In today’s video, I give you a few more details about Sebastian Newdigate and how he came to be executed in 1535.
On this day in Tudor history, 18th June 1546, twenty-five-year-old Anne Askew was found guilty of heresy at London’s Guildhall along with Nicholas Shaxton (former Bishop of Salisbury), Nicholas White and John Hadlam.
Anne Askew has gone down in history as a Protestant martyr, after having been burned at the stake in July 1546, but also as a woman who was illegally put to the rack at the Tower of London by two of Henry VIII’s trusted men.
In today’s video, I use contemporary sources and Anne Askew’s own accounts, to piece together what happened that June and July, and what led to Anne Askew’s execution.
Thank you to Lynne for asking about Catherine Cromwell. Lynne’s full question is “I was watching the actor Danny Dyer trace his family history on T.V. Apparently his family tree was traced to William the Conqueror and stopped at the Tudors which Catherine Cromwell was mentioned. She
seemed a powerful woman but I’ve never really heard of her. So my long-winded question is who was this Lady and how powerful was she in the
Now, there are several Catherine (or Katherine) Cromwells, one being the sister of Thomas Cromwell, Earl of Essex and Henry VIII’s right-hand man, who married Morgan Williams and who is an ancestor of Oliver Cromwell, Lord Protector, but the Catherine that was mentioned in the TV programme on Danny Dyer’s ancestry was actually the great-granddaughter of Thomas Cromwell. Let me show you how she is linked to the Thomas Cromwell we all know and love (or hate!).
On this day in Tudor history, 16th June 1487, the final battle of the Wars of the Roses took place when the forces of Henry VII met the Yorkist forces of Lord Lovell and John de la Pole, Earl of Lincoln, who had recently crowned Lambert Simnel as King Edward VI.
Who won that day? What happened? And what happened to the boy, Lambert Simnel?
Just a reminder that we have a live chat taking place tomorrow, 15th June. This is June’s informal live chat and the topic is”Tudor Queens”. It will take place in the Tudor Society chatroom at https://www.tudorsociety.com/chatroom/.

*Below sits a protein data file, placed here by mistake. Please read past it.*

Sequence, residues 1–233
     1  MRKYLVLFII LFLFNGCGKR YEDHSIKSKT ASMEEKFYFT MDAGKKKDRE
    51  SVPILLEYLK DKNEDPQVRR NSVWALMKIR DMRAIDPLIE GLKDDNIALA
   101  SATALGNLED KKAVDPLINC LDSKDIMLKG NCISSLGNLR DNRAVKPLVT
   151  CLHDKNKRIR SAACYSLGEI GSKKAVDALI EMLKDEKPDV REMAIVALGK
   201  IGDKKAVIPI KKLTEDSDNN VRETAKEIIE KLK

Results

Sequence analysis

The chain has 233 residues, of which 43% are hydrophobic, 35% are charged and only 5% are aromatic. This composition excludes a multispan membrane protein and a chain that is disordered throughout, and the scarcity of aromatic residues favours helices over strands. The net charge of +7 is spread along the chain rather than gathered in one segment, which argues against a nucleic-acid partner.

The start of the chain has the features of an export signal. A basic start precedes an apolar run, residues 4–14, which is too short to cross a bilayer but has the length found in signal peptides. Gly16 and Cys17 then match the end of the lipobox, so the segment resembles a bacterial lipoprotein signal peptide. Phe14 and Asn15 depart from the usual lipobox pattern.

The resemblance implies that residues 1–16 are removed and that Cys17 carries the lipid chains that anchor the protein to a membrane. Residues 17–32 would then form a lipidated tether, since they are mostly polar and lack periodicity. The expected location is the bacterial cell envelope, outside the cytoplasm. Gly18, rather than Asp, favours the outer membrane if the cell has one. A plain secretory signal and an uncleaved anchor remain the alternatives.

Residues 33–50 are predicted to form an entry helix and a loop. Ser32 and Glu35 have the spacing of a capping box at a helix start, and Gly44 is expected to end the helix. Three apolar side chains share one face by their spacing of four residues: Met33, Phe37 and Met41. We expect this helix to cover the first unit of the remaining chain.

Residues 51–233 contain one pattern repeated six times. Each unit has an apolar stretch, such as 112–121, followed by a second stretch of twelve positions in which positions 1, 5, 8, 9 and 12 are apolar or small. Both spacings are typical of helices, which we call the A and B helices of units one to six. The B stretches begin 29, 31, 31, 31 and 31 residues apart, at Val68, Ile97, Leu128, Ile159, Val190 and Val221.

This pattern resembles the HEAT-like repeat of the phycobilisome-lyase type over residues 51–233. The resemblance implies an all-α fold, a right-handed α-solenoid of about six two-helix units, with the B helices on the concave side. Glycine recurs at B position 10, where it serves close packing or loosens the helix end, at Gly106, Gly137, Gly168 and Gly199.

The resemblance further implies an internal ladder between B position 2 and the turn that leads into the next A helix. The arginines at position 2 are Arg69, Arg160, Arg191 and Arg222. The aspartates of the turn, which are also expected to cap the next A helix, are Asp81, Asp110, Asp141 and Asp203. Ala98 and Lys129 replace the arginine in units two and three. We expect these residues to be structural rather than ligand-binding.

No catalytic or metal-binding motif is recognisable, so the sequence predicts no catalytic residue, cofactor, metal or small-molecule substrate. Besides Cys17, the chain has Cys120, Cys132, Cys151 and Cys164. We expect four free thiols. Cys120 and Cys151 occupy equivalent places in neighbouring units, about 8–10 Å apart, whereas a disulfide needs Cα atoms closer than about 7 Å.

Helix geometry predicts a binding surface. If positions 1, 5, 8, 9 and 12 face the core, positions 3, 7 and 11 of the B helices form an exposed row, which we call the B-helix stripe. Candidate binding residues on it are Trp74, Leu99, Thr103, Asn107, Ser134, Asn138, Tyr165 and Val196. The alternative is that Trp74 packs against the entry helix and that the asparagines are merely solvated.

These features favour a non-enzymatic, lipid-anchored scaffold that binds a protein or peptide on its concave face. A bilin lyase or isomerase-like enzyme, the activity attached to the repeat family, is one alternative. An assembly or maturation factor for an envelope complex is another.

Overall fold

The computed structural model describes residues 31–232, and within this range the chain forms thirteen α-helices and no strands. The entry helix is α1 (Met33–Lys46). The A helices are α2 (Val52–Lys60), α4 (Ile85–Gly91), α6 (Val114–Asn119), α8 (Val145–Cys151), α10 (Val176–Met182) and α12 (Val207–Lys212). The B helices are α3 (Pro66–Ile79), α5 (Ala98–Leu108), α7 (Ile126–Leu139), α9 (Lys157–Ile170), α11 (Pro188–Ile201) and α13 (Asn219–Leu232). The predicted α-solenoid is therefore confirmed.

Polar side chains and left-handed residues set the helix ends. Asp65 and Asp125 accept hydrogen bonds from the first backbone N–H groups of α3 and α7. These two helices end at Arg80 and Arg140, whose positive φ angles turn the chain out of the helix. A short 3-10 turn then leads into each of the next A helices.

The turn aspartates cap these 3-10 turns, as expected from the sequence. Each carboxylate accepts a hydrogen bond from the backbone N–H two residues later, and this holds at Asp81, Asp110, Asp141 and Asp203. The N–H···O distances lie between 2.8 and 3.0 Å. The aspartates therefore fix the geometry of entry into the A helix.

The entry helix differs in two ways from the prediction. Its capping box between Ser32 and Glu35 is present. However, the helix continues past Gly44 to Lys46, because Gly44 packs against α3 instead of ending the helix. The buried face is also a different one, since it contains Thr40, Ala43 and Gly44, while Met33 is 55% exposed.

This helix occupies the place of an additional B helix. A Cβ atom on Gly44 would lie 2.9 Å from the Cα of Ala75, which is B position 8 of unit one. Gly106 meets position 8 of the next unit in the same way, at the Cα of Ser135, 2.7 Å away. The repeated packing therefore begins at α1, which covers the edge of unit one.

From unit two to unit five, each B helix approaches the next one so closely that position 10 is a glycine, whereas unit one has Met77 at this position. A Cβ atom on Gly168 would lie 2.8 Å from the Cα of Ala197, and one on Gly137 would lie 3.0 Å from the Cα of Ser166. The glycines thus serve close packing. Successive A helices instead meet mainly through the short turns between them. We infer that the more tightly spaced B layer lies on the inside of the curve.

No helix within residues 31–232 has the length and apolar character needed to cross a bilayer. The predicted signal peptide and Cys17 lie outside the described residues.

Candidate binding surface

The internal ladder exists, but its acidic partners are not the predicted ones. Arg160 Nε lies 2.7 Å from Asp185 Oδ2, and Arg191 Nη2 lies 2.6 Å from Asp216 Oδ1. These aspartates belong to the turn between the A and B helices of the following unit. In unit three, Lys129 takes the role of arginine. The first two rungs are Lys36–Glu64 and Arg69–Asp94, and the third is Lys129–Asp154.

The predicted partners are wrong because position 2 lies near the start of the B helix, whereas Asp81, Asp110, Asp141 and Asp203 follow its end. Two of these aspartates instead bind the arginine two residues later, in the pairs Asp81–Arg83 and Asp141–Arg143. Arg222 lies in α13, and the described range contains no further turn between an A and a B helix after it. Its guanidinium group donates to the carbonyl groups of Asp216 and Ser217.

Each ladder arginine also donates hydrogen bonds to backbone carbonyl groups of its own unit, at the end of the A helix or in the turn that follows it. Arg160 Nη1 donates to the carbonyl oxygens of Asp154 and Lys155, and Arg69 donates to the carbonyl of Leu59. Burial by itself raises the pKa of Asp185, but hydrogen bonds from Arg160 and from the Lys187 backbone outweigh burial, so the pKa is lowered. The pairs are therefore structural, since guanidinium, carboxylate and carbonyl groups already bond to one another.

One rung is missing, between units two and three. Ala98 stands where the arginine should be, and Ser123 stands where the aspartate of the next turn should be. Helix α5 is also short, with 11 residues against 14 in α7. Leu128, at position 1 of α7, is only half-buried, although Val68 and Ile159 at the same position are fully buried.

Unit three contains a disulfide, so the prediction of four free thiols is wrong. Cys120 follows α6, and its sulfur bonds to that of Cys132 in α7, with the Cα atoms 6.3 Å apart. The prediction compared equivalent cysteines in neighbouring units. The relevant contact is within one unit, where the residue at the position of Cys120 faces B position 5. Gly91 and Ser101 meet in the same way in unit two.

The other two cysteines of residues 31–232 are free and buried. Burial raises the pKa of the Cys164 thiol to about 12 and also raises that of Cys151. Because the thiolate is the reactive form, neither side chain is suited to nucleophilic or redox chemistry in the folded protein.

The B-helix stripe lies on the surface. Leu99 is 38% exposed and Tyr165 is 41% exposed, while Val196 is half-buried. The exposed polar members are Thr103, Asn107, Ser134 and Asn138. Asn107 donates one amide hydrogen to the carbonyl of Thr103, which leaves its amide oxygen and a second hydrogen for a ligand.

The idea for these informal chats is for members to jump in and share their views, pose questions for other members, share book/TV recommendations etc. and to just enjoy talking Tudor.
This week, Claire needs your help and feedback, so please do watch the brief video and leave a comment below sharing your opinion and ideas. It would also be helpful if you could answer the poll. Thank you so much!
On this day in Tudor history, 13th June 1587, William Knell, an actor in “The Queen’s Men” company of players, got into a fight with a fellow actor in Thame, Oxfordshire.
In today’s video, I flesh out this Tudor man a bit more and tell of his sad and rather violent end. I also about a story concerning this man and the famous Elizabethan actor and playwright, William Shakespeare.
London’s Victoria and Albert Museum has been in touch with me to let me know about a couple of courses that may be of interest to Tudor Society members. They have just launched their new programme of adult learning courses for 2019-20, which includes the courses: “The Later Stuarts: Court and Country”, and “London Life and Times: Medieval to Modern”.
Happy wedding anniversary to King Henry VIII and his first wife, Catherine of Aragon! Well, Catherine would be celebrating, as she viewed herself as the king’s true wife right until the end.
On this day in Tudor history, seventeen-year-old King Henry VIII married twenty-three-year-old Spanish princess, Catalina de Aragón, or Catherine of Aragon, his brother’s widow, at a private ceremony at Greenwich.
Find out more about what led to this marriage in today’s video:
This day in Tudor history, 9th June 1549, was a big day for the English Reformation. It was on this day, at Whitsun services all around England, that Archbishop Thomas Cranmer's Book of Common Prayer was used for the very first time. A service in English!
In today's video, I explain a bit more about this book and why this day was so important.
1511 – Death of William Courtenay, 1st Earl of Devon, at Greenwich. He died of pleurisy and was buried at Blackfriars, London, with the honours due an earl, even though he hadn't been officially invested yet. Courtenay was Henry VIII's uncle, having married Katherine, daughter of Edward IV and Elizabeth Woodville.
1563 – (or 10th June) Death of William Paget, 1st Baron Paget, diplomat and administrator, probably at his estate of West Drayton in Middlesex. Paget's career included serving as an ambassador to the French court, being a member of Henry VIII's Privy Council, sitting on the commission which tried the Earl of Surrey and serving on Mary I's Privy Council.
1573 – Death of William Maitland of Lethington, Scottish courtier, politician, reformer and diplomat. He died in prison in Leith, in suspicious circumstances, though it was said to be suicide. Maitland supported the restoration of Mary, Queen of Scots, and was imprisoned as a result.
1583 – Death of Thomas Radcliffe, 3rd Earl of Sussex, Lord Lieutenant of Ireland and President of the Council of the North, at Bermondsey. His body was buried at Boreham in Essex, but his innards were buried at the church in Bermondsey.
As Friday was the anniversary of the beginning of the Field of Cloth of Gold, that historic meeting between King Henry VIII of England and King Francis I of France. I thought I’d test your knowledge of these two Renaissance kings.
It’s a true or false quiz, so not too hard! I do hope you enjoy it.